Yesterday Casey and I attended a half-day symposium at the Los Angeles County Museum of Art about its current exhibition, “Picasso’s Greatest Print: The Minotauromachy in All Its States”. The exhibit was small but choice: it included an impression of each of the seven states of this wonderful etching, all but the final state of which are exceedingly rare (there are but two of each in existence) plus one of the two hand-colored proofs of the final state. The collection comes from an anonymous private collection on long-term loan to the Paris Musée Picasso, supplementing the museum’s collection of the other known impression of six of the seven states and of its colored proof.

The exhibit was nice of course, and there was also a handful of supporting actors from The Vollard Suite, but the lectures were especially stimulating. Such tremendous erudition that seven scholars brought to bear on a single print for the better part of a day—we loved it!

Interestingly, there seemed to be a consensus that the addition of color not only did not improve upon the print but actually detracted from it.

I have so little to add to such thorough scholarship, but I did rise to the occasion in the Q & A by (lightheartedly) challenging the assumption indicated in the title, as well as the conventional wisdom, that this really is the Master’s finest print. I admitted from the outset that mine is a minor point in the scheme of things, not nearly as enlightening as the investigation into the enigmatic meanings of this masterpiece that the speakers had elaborated. Still, from the point of view of collectors such as you and me, it is not a trivial issue. We are especially mindful of how art historians and others have arranged the hierarchy of his oeuvre. Not only do we find it interesting but also important for us as collectors, because that hierarchy influences how the market values Picasso’s prints, and we are the ones in the trenches who end up paying the price.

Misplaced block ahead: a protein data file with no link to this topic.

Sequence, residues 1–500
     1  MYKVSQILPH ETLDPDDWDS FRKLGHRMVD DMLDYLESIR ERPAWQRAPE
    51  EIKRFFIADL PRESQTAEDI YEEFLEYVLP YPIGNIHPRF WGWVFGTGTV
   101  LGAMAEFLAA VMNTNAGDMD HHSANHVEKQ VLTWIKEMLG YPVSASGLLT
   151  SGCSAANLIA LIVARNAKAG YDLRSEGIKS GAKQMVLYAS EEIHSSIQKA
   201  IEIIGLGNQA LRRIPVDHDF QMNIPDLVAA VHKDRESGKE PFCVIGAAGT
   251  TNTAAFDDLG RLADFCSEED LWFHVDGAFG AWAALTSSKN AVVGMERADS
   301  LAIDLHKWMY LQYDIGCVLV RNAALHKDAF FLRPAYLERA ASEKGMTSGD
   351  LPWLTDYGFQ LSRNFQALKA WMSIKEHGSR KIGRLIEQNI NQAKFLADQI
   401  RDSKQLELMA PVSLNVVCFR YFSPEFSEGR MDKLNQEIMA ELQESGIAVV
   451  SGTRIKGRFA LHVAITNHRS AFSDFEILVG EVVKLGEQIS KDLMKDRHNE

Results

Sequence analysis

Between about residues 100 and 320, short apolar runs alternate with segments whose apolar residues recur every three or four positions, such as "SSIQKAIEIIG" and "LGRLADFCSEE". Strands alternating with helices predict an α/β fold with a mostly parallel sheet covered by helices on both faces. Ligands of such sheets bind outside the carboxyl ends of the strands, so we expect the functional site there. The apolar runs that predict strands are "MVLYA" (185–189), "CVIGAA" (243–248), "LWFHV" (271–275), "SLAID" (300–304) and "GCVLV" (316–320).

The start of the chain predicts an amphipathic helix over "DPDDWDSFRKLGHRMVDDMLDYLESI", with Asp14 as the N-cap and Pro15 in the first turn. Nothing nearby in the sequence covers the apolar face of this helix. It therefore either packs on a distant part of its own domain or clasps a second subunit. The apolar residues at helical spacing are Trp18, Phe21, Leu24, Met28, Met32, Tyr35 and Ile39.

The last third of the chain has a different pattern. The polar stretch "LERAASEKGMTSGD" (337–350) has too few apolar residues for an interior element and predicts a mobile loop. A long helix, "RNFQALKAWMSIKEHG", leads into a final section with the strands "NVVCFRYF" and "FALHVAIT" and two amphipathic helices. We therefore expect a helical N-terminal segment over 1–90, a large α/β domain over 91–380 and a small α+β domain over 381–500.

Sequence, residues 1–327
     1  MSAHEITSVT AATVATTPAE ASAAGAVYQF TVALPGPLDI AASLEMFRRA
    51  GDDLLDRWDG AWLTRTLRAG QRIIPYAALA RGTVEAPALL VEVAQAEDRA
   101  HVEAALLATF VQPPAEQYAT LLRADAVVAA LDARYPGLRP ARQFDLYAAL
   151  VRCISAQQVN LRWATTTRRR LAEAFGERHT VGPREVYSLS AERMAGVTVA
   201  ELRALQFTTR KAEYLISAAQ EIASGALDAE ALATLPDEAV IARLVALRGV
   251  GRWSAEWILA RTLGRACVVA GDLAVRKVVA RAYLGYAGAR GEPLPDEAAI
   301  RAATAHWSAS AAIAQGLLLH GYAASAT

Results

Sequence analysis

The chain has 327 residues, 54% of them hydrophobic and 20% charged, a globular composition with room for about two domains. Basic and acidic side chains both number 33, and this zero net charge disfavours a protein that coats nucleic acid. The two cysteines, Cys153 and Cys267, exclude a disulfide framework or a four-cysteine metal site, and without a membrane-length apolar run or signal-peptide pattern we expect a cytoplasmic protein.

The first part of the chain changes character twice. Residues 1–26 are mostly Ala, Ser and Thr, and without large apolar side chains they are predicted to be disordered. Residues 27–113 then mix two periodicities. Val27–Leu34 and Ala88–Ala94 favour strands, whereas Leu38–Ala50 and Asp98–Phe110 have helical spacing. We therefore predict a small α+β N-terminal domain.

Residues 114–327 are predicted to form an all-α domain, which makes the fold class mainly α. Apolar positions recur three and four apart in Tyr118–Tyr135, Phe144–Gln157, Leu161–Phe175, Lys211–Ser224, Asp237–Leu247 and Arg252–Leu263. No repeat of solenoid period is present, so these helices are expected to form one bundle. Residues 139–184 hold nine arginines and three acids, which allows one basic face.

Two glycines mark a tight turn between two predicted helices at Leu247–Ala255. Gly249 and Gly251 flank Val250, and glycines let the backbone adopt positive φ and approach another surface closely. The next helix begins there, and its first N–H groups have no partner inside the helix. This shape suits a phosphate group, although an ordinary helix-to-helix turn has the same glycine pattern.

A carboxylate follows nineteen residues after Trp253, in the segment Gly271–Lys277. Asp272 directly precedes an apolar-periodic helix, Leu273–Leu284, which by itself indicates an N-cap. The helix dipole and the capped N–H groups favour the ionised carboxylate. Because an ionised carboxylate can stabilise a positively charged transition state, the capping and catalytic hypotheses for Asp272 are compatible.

The entire afternoon was devoted to exploring the multilayered meanings of La Minotauromachie and their interrelations with Picasso’s oeuvre in general. Rather than belabor the fine points the art historians made, I would refer you instead to the invaluable treatise, Myth and Metamorphosis: Picasso’s Classical Prints of the 1930s, by Lisa Florman, one of the speakers. It would provide you with an excellent understanding of much of what was said. In short, however, it became abundantly clear that, at least in the minds of these pundits, the reason they consider it his masterpiece is its incredible thematic complexity.

Another criterion that the pundits mentioned is the importance of this print in the context of the artist’s oeuvre and its central place within it. La Minotauromachie can be viewed as the culmination of The Vollard Suite, Picasso’s most famous print series, and of other related prints of the preceding two to three years, much as Les Demoiselles d’Avignon was the culmination of some six hundred earlier works which led up to it.

Somehow I fail to buy the idea that the marketplace, as opposed to the scholars, values La M. because of its thematic complexity, much less its place in Picasso’s oeuvre. I don’t mean to be condescending here, but unlike the pundits, I’m sure that collectors don’t even begin to appreciate the many enigmatic meanings of the etching. Or at least I certainly didn’t before I first read Florman. So it’s not that.